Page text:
Stephanie Alexander is a PhD student at Louisiana State University. Her dissertation examines contemporary uses of the pastoral in Northern Irish poetry.

Dawn Black was born in Louisiana where she received a BFA from Louisiana State University. She earned both MA and MFA from the University of Iowa School of Art and Art History. She has had solo exhibitions at Curator’s Office (Washington DC), Columbus Museum of Art (Columbus, GA), Cynthia Reeves Gallery (New Hampshire), and Kunstoffice (Berlin, Germany). Her work has been included in numerous group exhibitions and art fairs in the US, Germany, England, Italy, and Spain. Her work has been reviewed by the Washington Post and the Art Papers magazine, among others. In 2012, she was nominated for a Joan Mitchell Foundation Grant and received a Career Advancement Grant from the state of Louisiana. Black has held residencies including Bemis Center for the Arts, the McColl Center for the Arts, VCCA, and Lawndale Art Center. Currently, she lives and works in Baton Rouge.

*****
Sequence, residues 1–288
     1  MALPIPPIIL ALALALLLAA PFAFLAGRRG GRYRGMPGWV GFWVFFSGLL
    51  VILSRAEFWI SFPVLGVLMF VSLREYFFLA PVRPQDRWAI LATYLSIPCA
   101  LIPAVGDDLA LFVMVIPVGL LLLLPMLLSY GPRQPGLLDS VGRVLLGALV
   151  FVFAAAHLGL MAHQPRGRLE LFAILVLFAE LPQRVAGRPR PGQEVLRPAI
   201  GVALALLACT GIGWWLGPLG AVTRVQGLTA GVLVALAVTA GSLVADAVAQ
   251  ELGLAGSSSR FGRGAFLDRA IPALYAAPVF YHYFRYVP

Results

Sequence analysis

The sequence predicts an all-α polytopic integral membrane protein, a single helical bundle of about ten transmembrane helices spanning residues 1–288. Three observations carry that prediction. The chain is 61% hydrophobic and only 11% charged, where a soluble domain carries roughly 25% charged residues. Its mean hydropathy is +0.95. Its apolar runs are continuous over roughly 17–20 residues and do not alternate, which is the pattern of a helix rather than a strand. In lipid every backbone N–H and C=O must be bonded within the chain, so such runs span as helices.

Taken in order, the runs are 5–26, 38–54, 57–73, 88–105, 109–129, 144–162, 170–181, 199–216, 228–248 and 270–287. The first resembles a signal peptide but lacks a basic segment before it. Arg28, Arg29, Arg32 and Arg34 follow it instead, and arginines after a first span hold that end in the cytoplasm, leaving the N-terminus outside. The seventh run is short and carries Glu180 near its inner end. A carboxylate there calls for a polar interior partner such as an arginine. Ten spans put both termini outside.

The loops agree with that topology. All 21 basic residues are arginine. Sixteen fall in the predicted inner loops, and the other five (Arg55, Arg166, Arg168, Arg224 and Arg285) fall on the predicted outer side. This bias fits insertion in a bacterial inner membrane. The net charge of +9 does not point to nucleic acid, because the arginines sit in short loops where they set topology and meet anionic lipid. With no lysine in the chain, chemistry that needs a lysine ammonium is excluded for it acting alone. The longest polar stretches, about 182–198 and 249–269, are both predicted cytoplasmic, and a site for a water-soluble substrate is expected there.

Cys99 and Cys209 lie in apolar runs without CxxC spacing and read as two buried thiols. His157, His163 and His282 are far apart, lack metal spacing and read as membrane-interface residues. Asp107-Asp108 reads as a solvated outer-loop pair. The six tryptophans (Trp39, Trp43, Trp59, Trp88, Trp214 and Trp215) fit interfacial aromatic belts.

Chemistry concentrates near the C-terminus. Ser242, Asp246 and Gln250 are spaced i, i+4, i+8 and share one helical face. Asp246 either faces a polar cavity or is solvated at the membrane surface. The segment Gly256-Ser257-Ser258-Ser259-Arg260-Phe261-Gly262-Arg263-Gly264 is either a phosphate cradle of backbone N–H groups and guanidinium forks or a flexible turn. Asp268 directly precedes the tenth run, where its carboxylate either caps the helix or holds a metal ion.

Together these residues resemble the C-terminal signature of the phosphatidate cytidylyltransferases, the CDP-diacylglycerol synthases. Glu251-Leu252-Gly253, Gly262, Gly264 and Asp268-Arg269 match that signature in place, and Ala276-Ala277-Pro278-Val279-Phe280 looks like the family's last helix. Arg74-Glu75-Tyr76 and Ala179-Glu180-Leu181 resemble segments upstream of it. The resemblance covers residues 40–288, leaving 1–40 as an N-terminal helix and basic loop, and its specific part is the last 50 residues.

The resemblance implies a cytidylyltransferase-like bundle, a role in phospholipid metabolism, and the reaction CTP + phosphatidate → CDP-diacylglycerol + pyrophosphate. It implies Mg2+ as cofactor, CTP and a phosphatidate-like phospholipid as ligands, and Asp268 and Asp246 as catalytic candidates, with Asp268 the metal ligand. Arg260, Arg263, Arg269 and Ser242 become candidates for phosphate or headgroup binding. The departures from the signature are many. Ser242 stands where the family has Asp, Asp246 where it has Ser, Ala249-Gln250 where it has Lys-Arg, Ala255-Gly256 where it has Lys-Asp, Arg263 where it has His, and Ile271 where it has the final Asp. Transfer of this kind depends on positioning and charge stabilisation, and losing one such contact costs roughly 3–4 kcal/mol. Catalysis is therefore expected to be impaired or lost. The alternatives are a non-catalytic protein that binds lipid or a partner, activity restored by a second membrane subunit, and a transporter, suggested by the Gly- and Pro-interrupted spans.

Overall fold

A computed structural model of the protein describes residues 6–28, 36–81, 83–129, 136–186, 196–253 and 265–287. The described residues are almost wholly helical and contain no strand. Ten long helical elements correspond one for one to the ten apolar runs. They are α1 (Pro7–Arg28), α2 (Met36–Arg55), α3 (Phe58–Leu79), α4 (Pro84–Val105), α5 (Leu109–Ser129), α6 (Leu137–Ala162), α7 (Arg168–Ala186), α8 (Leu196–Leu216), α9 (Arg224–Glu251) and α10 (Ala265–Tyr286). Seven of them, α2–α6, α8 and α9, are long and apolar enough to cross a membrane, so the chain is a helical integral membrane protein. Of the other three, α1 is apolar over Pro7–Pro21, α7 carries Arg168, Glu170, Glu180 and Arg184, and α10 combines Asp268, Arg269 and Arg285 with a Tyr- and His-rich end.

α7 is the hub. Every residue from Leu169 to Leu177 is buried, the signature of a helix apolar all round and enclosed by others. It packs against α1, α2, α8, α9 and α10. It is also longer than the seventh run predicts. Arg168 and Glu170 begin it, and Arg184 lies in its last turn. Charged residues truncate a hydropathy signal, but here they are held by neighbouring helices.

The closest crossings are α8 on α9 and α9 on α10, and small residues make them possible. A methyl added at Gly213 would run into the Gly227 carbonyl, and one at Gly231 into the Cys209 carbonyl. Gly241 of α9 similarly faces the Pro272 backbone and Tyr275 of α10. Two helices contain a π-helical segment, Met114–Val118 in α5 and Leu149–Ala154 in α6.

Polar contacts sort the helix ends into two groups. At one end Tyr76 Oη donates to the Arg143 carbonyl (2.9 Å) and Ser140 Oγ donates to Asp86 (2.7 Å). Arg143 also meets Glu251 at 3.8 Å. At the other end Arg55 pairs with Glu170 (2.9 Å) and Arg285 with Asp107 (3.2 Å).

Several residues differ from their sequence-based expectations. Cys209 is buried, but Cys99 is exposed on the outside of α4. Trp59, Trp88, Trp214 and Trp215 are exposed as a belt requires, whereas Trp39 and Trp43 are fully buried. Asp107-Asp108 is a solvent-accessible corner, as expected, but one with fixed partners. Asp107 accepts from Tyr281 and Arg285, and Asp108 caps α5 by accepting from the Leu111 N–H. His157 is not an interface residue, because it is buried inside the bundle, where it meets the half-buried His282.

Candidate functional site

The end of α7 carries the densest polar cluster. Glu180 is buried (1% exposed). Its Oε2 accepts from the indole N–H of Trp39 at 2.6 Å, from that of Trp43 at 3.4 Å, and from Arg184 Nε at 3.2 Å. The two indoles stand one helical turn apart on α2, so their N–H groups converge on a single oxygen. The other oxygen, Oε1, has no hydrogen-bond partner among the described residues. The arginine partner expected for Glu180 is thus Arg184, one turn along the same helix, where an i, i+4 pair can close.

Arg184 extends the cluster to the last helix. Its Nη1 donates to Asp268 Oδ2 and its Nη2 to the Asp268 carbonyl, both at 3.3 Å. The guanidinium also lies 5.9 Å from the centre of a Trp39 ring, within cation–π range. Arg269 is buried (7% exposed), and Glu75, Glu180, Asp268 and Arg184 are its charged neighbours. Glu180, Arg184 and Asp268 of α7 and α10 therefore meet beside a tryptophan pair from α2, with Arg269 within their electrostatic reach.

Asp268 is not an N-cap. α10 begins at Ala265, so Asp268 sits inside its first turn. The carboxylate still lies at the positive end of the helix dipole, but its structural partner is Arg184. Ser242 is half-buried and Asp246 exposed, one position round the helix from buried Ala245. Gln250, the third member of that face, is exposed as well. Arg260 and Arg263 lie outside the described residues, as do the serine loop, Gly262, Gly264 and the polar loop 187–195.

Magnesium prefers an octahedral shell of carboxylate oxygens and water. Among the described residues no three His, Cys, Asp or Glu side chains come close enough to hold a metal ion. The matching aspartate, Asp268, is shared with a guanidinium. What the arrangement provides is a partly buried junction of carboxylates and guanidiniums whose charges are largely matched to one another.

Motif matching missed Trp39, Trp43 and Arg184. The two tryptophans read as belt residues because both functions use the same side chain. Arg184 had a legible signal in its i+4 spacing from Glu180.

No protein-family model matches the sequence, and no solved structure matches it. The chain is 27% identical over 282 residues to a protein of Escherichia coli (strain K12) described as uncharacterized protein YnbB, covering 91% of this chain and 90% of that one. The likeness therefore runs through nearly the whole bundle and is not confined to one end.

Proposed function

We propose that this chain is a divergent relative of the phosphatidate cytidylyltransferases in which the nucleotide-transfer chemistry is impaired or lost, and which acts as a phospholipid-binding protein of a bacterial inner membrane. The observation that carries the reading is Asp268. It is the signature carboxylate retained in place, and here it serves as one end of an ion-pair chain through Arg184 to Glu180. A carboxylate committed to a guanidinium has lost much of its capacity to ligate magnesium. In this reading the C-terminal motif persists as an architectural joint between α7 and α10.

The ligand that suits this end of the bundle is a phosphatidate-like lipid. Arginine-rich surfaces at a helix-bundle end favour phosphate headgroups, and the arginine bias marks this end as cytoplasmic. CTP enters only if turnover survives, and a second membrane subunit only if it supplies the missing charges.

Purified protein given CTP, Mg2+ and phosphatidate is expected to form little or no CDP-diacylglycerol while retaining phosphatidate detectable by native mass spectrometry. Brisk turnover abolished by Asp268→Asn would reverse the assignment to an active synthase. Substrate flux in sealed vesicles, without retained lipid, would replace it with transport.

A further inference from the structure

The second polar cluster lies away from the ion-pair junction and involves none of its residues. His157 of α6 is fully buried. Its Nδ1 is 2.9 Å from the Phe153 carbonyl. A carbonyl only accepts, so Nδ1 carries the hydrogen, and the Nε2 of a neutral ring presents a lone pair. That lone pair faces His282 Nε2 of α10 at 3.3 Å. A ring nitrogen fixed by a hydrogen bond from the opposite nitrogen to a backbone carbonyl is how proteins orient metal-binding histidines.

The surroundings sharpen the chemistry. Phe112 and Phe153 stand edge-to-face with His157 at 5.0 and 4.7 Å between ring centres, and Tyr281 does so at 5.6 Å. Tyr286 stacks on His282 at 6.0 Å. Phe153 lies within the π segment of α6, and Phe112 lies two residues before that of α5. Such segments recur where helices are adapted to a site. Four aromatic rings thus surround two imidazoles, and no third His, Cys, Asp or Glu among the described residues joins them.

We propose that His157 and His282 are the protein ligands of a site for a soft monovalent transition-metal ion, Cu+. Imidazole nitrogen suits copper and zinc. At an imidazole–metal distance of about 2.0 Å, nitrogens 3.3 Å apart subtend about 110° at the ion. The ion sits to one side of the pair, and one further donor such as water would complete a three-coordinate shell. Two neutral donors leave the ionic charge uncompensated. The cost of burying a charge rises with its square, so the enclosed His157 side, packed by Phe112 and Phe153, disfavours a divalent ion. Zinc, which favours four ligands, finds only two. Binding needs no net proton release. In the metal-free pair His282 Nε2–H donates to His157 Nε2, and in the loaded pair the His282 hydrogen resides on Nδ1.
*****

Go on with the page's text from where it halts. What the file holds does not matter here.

Laurie Blauner is the author of six books of poetry, most recently Wrong, two novels, and a novella. A poetry chapbook is forthcoming from dancing girl press and a new novel called The Bohemians from Black Heron Press.

Chloé Cooper Jones lives in New York City where she makes her living teaching philosophy to undergrads. She is also the interviews editor at Gigantic, a literary journal based out of Brooklyn.

Holly Day is a housewife and mother of two living in Minneapolis, Minnesota who teaches needlepoint classes for the Minneapolis school district and writing classes at The Loft Literary Center. Her poetry has recently appeared in The Worcester Review, Broken Pencil, and Slipstream, and she is the recipient of the 2011 Sam Ragan Poetry Prize from Barton College. Her most recent published books are Walking Twin Cities and Notenlesen für Dummies Das Pocketbuch.